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REVIEW article

Front. Cardiovasc. Med., 11 July 2022
Sec. Cardiovascular Genetics and Systems Medicine
Volume 9 - 2022 | https://doi.org/10.3389/fcvm.2022.954780

Is Location Everything? Regulation of the Endothelial CCM Signaling Complex

  • Department of Pharmacology and Physiology, University of Rochester, Rochester, NY, United States

Recent advances have steadily increased the number of proteins and pathways known to be involved in the development of cerebral cavernous malformation (CCM). Our ability to synthesize this information into a cohesive and accurate signaling model is limited, however, by significant gaps in our knowledge of how the core CCM proteins, whose loss of function drives development of CCM, are regulated. Here, we review what is known about the regulation of the three core CCM proteins, the scaffolds KRIT1, CCM2, and CCM3, with an emphasis on binding interactions and subcellular location, which frequently control scaffolding protein function. We highlight recent work that challenges the current model of CCM complex signaling and provide recommendations for future studies needed to address the large number of outstanding questions.

Introduction

Cerebral cavernous malformation (CCM) is a disease characterized by the formation of microvascular lesions primarily in the brain. These lesions derive from highly proliferative endothelial cells with poor barrier function (13). A consequence of this perturbed endothelial behavior is the formation of large vascular “caverns” lacking surrounding mural cells and astrocytes, as well as altered extracellular matrices surrounding the endothelial cells (2, 4). CCM occurs in the general population at a rate of ~0.5% (5), and may be hereditary (familial CCM) or occur sporadically. A genetic component for the development of CCM was first described in 1995 (6, 7). Further study revealed this gene to encode the protein Krev-Interaction Trapped 1 [KRIT1, also called CCM1; (810)], which had been previously identified as a binding partner of the small GTPase Rap1 (11), making KRIT1 the first protein linked to CCM pathogenesis. In 1998 two other genetic components were found (12), and by the mid 2000s these proteins were identified: CCM2/malcavernin (13) and the apoptosis-related protein, CCM3/PDCD10 (14, 15). Loss of function mutations in any of these three genes is sufficient to induce CCM lesion development, and have also been found in some sporadic CCMs (16). Recent studies have discovered other genes involved in CCM development, i.e., PIK3CA (17) and Cdc42 (18), but mutations in KRIT1, CCM2, or CCM3 remain the most commonly identified genetic basis for CCM.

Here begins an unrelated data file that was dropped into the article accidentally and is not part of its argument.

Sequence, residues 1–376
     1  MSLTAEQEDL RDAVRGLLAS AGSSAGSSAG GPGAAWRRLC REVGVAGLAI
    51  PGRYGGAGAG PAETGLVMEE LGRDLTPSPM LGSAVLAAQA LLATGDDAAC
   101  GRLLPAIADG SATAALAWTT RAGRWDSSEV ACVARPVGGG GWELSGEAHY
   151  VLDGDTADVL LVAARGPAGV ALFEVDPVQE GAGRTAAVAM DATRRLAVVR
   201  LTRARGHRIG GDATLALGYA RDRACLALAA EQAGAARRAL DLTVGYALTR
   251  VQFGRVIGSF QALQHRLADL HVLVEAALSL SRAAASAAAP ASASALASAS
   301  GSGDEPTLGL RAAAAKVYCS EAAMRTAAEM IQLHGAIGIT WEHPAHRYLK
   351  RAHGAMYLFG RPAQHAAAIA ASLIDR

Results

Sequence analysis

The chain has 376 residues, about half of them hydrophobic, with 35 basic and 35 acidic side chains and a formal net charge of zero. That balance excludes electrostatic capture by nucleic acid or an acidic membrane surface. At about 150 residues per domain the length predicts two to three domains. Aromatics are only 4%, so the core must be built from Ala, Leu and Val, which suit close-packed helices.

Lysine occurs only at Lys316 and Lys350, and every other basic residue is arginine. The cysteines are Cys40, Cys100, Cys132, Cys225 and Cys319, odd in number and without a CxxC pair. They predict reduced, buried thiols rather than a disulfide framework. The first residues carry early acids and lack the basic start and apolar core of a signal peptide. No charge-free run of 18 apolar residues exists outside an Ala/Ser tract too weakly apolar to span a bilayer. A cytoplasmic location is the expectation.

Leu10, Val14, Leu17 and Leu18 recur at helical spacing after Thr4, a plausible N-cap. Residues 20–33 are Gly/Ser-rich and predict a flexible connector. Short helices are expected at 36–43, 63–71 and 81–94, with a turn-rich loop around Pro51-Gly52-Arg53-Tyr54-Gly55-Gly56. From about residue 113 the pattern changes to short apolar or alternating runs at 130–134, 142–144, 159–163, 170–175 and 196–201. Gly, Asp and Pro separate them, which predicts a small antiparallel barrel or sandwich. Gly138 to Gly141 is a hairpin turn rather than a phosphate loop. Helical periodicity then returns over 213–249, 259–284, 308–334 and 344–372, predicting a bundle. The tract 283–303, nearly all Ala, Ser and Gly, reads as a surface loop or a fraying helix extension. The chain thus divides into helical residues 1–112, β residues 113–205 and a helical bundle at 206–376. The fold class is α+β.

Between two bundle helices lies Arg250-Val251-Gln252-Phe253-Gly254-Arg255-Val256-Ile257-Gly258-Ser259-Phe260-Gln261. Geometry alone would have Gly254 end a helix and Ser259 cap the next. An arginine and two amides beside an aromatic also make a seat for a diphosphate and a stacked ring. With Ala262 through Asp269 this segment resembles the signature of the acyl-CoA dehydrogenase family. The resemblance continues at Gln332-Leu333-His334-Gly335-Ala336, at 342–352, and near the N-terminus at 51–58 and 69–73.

The three core CCM proteins (i.e., KRIT1, CCM2 and CCM3) can bind directly to each other under normal physiological conditions (1921) forming what is referred to as the CCM signaling complex. All three CCM proteins are scaffolding proteins, and each member of this complex has a unique set of binding partners that allow it to affect a wide range of cellular functions. Based on studies in human tissues, cell culture, and animal models, the CCM complex appears to promote endothelial quiescence by stabilizing cell-cell contact, limiting inflammatory and angiogenic signaling, and constraining proliferation (2, 4, 2225). These abilities have been strongly linked to the regulation of mitogen activated protein kinase kinase kinase 3 (MEKK3), which binds to CCM2 (26, 27). However, how CCM2 curbs the activation of MEKK3 and its downstream signaling has not been established, nor has it been shown how loss of KRIT1 or CCM3 lead to activation of MEKK3 in cells that still maintain CCM2 expression. Moreover, studies using KRIT1 or CCM2 deficient cell or animal models have shown highly similar phenotypes (28), but loss of CCM3 causes more severe and acute CCM development both in animal models and human patients (29, 30), suggesting that the pathophysiology and progression of CCM lesion development is a complex process that is influenced by the specific gene affected.